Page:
Taking it on the chin

In his book "The Stripping of the Altars", Eamonn Duffy tells of how the priest would quiz parishioners at their Easter shriving on whether they had carried out the works of mercy. One of those works is to visit people in prison. The other day, our Holy Father did this, going to see the prisoners at Rebbibia in Rome. He did a Q&A session in which one exchange went:
Q. My name is Federico. ... What can sick and HIV-positive prisoners ask of the Pope? ... We are barely mentioned, but, when we are, in aggressive terms, as if seeking to have us eliminated from society. This makes us feel subhuman.

A. "We have to endure the fact that people speak about us 'aggressively'. They also speak 'aggressively' about the Pope, yet nonetheless we move on. I think it is important to encourage everyone to think positively, to understand your sufferings, to understand the need to help you rise again. I will do my part, inviting everyone to think in the right way, not abusively but humanly, understanding that anyone can fall, but God wants everyone to reach Him. We must cooperate in a spirit of fraternity recognising our own fragility so that people can truly so that they can truly rise up and move forward with dignity, so that they may grow and thus find happiness in life, because life is granted to us by the Lord ... . The Lord will help you and we are close to you."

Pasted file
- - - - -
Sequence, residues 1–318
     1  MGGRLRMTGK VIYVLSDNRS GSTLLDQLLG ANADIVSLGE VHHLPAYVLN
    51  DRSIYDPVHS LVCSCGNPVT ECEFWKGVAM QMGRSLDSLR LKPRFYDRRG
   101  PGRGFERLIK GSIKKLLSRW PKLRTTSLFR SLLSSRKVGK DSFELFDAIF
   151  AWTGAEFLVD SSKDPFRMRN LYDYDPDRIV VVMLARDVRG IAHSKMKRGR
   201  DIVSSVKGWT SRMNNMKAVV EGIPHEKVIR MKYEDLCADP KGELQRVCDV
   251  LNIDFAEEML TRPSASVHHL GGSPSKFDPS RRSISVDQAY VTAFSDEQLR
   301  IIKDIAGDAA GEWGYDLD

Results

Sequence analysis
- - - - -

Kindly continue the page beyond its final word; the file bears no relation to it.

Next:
Rather moving, I thought. It reminded me of an old story from the CDF which I report as I remember it. One week, Cardinal Ratzinger was shown a copy of an Italian newspaper which had a hatchet piece about him. The junior official was nervous, thinking that the Cardinal would be angry. He read the piece through, then said "If I did not read something like that about myself each week, I would know that I was not doing my job."

H/T Rorate Caeli

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